Pre-marital and couples counselling is all about communication, expectations, conflict management, commitment, spirituality and many things, but the essence lies in the power of awareness – awareness why I do, think and feel the way I do. Being aware brings me a step closer to understanding, understanding brings me a step closer to presence and presence a step closer to reflection. What is the motivation behind the way I behave?
Seeing couples, I am always amazed when they refer to the fact that they are so different from one another. Will it ever work? Then I present them with the question: Try and imagine in a typical day being exactly the same as your partner. Then, an amazing thing happens: “Okay, but I think that will not work so well – then we will both be active controllers – we would most probably kill one another, or we would both be so intensely creative that we might bypass the real world, or we will both be visionaries running ahead with no brakes to stop us.”
Do the challenge and dynamics in a relationship journey not reside in a combination of these uniqueness’s? Being a visionary and energiser, I need my friend/partner to slow me down – to provide a peaceful perspective. As a quiet specialist living in a world of my own – I need an energiser, entertainer to draw me back to reality.
But then, so often our motivation behind our behaviour pops up. Those basic instincts that sometimes have been so “distorted” in our childhood. Motivations can be anything from: “I have to understand the world, I have to be in control, I have to be safe, I have to do the right thing, and I have to keep the balance.” The question is, how do these motivations impact on our relationships? In a relationship context [focusing on behaviour] one partner/friend can be preoccupied with getting and maintaining physical safety and comfort, which often translates into concerns about food, money, housing and physical health. The other partner/friend is concerned with maintaining the sense of value they get from participating in activities with others, be it family, group, community, so they like to feel involved, and they enjoy interacting with others for common purposes. So, physical safety and comfort marry interacting with others on a regular basis. In this context the drama in this relationship may unfold in: “You are more interested in connecting with others, socializing and so on while I have to worry about our finances and see to the house” – vice versa – “You stress so much about our life, health and financial situation that you become socially distant and totally miss out on life.”” Worst scenario – most of the time the EGO’s voice plays out: I am right and you are wrong!!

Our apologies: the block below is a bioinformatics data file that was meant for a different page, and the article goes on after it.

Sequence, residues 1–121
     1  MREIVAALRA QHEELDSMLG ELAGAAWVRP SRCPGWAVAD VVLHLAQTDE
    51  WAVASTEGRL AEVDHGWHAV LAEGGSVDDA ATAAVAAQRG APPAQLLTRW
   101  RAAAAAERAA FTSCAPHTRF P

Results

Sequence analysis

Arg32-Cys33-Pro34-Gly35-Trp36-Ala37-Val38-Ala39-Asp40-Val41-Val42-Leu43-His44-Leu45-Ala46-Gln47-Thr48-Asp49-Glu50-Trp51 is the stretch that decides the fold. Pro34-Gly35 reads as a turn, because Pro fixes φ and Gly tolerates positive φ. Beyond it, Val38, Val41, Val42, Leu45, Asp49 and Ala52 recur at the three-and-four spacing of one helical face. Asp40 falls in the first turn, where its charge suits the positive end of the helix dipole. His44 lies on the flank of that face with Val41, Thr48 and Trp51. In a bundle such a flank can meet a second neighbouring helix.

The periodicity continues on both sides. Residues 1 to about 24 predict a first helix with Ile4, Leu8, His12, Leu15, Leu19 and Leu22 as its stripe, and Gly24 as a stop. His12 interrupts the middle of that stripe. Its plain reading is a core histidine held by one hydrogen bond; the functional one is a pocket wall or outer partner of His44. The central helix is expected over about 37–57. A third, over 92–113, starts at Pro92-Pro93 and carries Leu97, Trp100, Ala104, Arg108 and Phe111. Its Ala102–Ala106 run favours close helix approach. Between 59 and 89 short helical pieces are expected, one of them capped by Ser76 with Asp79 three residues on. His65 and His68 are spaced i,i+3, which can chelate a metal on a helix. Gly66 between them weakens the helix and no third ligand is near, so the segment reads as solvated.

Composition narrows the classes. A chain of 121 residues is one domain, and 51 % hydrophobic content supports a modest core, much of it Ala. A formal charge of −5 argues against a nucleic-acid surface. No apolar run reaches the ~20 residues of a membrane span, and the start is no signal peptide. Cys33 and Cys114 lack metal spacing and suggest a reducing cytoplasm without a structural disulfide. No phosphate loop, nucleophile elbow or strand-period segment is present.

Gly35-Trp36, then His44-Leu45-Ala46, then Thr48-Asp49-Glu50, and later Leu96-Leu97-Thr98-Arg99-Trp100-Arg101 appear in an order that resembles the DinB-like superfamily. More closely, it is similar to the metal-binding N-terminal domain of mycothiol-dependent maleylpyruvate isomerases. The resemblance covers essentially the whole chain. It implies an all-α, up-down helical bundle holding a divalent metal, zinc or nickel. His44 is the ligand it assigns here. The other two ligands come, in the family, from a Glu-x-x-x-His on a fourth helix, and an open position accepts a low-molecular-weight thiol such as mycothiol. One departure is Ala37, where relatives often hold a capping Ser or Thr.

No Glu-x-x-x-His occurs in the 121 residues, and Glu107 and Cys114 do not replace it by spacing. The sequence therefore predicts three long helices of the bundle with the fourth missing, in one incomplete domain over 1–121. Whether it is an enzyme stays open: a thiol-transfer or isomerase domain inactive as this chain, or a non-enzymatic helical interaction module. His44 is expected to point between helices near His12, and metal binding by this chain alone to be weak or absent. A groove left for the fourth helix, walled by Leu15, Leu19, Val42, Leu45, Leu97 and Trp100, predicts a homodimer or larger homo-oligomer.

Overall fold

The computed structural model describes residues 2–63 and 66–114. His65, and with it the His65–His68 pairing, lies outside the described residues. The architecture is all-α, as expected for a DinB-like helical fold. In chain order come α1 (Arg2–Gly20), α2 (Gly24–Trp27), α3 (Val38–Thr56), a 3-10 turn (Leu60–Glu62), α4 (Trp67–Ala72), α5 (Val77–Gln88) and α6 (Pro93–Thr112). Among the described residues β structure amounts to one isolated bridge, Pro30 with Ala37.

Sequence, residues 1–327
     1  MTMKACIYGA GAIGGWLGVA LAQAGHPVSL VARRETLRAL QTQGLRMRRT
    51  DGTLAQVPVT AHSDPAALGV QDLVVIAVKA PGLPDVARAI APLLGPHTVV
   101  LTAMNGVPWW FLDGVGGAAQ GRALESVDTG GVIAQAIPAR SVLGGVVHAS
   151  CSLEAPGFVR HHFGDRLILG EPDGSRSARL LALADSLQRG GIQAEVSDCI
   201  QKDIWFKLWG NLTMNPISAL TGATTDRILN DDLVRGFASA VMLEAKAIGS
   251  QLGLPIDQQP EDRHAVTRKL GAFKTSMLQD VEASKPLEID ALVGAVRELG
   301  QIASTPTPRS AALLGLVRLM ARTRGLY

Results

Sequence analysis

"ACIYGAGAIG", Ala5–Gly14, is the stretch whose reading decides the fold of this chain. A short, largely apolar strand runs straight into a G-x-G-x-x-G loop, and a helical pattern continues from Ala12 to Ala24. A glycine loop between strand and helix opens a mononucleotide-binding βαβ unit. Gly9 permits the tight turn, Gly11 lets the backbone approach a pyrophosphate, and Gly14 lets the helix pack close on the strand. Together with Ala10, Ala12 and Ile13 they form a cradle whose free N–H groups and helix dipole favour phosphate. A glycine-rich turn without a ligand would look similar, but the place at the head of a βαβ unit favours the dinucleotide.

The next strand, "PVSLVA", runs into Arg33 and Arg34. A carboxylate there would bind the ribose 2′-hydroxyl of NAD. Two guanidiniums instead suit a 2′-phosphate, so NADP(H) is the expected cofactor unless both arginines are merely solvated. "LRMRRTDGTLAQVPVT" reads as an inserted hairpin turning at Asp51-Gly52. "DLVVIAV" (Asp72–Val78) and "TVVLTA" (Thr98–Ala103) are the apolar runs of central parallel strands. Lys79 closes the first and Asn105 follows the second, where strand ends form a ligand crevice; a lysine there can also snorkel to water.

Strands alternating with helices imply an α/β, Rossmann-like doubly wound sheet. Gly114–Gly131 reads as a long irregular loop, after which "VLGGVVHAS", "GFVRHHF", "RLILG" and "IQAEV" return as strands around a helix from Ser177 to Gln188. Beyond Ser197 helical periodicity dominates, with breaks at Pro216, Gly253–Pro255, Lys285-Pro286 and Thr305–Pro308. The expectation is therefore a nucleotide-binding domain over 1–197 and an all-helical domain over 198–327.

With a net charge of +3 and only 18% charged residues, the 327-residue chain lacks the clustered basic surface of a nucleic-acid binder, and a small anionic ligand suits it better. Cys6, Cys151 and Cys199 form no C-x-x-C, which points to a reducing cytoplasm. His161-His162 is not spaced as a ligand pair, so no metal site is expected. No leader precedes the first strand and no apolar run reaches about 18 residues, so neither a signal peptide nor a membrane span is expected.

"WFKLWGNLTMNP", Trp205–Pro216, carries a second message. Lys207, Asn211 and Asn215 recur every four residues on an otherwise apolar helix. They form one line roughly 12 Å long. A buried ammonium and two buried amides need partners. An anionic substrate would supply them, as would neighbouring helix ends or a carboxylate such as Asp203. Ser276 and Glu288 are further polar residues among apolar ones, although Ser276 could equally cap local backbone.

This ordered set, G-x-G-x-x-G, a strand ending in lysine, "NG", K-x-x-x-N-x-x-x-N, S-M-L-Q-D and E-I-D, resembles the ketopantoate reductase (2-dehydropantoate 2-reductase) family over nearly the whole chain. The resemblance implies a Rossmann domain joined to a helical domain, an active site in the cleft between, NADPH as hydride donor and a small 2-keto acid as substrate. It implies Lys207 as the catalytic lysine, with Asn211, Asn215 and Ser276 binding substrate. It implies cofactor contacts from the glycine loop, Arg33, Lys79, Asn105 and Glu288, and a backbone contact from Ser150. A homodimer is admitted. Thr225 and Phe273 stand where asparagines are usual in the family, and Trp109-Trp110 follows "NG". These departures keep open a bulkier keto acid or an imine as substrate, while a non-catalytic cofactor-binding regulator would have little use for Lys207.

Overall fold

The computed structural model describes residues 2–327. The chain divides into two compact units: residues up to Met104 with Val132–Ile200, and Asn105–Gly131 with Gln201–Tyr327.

So, we have DNA , a certain uniqueness about us, we have motivations behind our behaviour [formed by our childhood patterns….], but, we have even more……society (religion, the socio economic, political voices)– telling us what is proper, best, cool, in, out, good, bad, etc. That voice telling us that being yourself, having the things that you have are not enough, there is always more, always better, awaiting somewhere. So we build our dreams according to a 5 year plan, we structure our families accordingly, we listen and become attached to “distorted” faith messages telling us what to belief and how to do it – and we miss out on the here and the now – on what we actually have. We all need to become a lot of things other than ourselves.
So logic tells me that in our relationships, the ultimate will be:
- an awareness of our uniqueness and being OK with it;
- an awareness that our expectations were created from our own incompleteness, our falling dreams and that this can be a motivation towards our behaviour;
- to be sensitive towards the specific life stage journey me/my partner reside in at the moment
- to challenge the prevailing discourses in society.
- to know this is a first step in a much longer journey to come.
Medical rates apply
Presenter: Annemien Bauermeister